May 2012, Week 5


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Tue, 29 May 2012 21:25:27 -0400
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Fracking Boom Spurs Environmental Audit

     As hydraulic fracturing unlocks new gas reserves,
     researchers struggle to understand its health

Helen Thompson
May 29, 2012

For Ohio, a Midwestern state hit hard by recession, the
promise of an energy boom driven by hydraulic
fracturing, or `fracking', would seem to be a sure route
to financial health. Far less certain is whether the
technique has an impact on human health. Fracking uses
high-pressure fluids to fracture shale formations deep
below ground, releasing the natural gas trapped within.
With the number of gas wells in Ohio that use fracking
set to mushroom from 77 to more than 2,300 in the next
three years, the state is the latest to try to regulate
a rapidly growing industry while grappling with a
serious knowledge gap. No one knows what substances -
and at what levels - people near the gas fields are
exposed to in the air and water, and what, if any,
health threat they might pose.

In a nod to those concerns, Ohio's legislature passed a
bill on 24 May, awaiting signing by the state governor
as Nature went to press, that requires companies to
disclose the chemicals they use during the fracking
process and during the construction and servicing of the
wells. However, the bill does not compel companies to
divulge a complete list of the ingredients in their
fracking fluid before it is pumped underground. Some of
those ingredients are deemed trade secrets, a position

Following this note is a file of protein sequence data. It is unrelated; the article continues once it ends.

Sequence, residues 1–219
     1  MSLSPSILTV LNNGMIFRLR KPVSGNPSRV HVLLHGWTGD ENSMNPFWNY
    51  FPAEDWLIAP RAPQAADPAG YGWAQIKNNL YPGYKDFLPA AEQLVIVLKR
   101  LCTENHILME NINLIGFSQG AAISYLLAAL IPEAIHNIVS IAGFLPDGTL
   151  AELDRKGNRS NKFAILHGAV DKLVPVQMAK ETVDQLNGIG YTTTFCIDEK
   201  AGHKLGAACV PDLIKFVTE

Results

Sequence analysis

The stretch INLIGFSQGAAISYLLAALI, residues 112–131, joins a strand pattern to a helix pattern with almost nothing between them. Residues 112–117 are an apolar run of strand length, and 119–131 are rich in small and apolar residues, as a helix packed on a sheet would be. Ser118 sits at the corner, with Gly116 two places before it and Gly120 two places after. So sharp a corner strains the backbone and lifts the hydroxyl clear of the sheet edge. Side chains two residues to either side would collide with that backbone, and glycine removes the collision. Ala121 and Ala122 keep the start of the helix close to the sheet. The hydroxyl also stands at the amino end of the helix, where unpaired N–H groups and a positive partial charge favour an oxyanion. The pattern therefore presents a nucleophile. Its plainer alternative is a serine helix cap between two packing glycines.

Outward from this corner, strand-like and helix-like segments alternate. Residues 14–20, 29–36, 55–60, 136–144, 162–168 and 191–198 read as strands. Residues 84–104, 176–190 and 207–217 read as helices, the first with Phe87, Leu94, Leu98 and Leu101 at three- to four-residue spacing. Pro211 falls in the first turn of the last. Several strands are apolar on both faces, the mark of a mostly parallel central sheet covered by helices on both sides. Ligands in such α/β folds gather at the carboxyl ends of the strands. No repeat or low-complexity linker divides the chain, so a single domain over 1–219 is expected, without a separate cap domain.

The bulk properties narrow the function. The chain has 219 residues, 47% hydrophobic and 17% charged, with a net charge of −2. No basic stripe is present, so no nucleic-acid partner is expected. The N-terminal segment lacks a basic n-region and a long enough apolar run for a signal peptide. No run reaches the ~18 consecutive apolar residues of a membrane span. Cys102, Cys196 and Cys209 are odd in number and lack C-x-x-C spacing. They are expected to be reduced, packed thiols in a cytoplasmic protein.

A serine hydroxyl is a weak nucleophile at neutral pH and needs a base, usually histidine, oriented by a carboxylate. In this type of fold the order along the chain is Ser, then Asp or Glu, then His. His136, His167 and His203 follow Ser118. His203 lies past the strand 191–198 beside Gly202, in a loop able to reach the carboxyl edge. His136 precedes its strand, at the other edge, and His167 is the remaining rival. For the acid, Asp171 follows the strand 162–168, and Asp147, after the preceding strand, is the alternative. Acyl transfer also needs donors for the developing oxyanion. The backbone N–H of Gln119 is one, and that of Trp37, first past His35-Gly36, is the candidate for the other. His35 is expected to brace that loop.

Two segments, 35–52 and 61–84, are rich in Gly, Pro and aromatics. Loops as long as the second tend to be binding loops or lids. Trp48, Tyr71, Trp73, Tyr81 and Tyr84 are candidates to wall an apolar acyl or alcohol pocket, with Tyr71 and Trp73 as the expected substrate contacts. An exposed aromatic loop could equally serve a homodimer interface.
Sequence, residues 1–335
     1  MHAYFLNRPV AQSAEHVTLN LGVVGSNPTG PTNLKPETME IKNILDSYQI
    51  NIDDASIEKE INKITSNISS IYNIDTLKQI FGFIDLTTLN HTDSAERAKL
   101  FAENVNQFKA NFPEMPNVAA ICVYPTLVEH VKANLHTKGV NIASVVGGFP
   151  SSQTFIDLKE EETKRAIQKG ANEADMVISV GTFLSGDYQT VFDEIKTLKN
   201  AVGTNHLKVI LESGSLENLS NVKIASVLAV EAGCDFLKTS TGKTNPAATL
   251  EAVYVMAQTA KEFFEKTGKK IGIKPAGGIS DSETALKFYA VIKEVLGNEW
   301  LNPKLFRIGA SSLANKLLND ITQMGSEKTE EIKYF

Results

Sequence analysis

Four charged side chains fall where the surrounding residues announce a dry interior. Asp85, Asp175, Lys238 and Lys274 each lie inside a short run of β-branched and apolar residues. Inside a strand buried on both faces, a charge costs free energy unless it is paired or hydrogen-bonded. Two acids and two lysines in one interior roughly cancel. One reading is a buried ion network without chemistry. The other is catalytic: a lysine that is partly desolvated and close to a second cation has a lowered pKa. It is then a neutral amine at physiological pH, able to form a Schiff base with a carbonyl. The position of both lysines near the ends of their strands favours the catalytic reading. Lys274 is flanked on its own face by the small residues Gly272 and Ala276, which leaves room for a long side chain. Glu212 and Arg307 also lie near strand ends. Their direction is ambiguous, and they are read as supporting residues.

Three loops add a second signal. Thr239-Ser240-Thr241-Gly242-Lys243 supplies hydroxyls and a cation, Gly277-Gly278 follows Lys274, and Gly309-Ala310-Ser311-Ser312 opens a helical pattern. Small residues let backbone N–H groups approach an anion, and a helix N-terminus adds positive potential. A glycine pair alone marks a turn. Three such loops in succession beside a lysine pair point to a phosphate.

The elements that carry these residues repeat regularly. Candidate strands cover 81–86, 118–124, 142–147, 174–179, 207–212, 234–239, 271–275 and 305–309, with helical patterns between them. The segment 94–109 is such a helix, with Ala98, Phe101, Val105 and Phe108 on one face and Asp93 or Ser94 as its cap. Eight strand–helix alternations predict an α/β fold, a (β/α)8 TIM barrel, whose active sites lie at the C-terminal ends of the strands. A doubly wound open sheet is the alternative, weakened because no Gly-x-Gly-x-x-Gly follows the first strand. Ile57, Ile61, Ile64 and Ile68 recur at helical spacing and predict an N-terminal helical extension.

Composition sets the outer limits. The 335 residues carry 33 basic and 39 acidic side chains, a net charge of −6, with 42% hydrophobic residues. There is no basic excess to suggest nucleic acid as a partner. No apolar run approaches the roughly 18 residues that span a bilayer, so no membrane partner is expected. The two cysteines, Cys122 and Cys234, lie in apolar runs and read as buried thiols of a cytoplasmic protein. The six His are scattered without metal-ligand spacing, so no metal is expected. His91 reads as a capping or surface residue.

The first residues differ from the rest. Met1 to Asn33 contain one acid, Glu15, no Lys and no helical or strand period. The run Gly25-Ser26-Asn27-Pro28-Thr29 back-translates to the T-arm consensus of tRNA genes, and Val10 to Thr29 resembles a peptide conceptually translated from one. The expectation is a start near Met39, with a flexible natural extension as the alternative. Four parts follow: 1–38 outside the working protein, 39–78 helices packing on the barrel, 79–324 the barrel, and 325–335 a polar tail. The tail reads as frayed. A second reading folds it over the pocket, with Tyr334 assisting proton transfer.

that troubles environmental groups and increases the
problem for researchers trying to understand the risks.

"There is a real lack of data," says John Balbus, senior
adviser on public health at the National Institute of
Environmental Health Sciences in Bethesda, Maryland, who
spoke at a workshop organized by the Institute of
Medicine in Washington DC last month to discuss research
strategies for studying the health impacts of gas
extraction. "There's a lot of variability from region to
region, in the kinds of mixtures that need to be used
for the specific geology."

Fracking fluids are primarily water and sand, but they
also contain chemical additives that aid the horizontal
fracturing of shale and the release of natural gas. Some
components, such as citric acid and coffee grounds, are
benign, whereas others, such as benzene or toluene,
could cause chronic health problems at certain doses.
Waste water - fracking fluid mixed with groundwater
containing high levels of brine and traces of natural
radioactive elements - comes back to the surface during
the drilling process.

"The big threats to public health are in wastewater pits
and storage and also during transportation when you are
trucking around contaminated water," says Deborah
Swackhamer, an environmental chemist at the University
of Minnesota in St Paul. "You can have spills or leaks
or flooding."

With uneasiness growing about the increasing scale of
fracking in the United States, the pressure on companies
to be more forthcoming is growing. The Ohio bill would
allow a doctor to request proprietary information about
fracking fluid when treating a patient who shows signs
of exposure to a toxic chemical that might have come
from a gas well - but doctors must keep what they learn
confidential. An amendment to the bill supported by the
Ohio State Medical Association would allow doctors to
break the confidentiality rule when professional ethics
demands it.

"The end result of any legislation should not impact a
physician's ability to care for his/her patients," wrote
Timothy Maglione, senior director of government
relations for the medical association, in a letter to
the legislature dated 22 May.

A tougher national disclosure requirement is in the
works. Earlier this month the US Bureau of Land
Management released a draft version of its rules for
fracking operations on federal and Indian lands. Like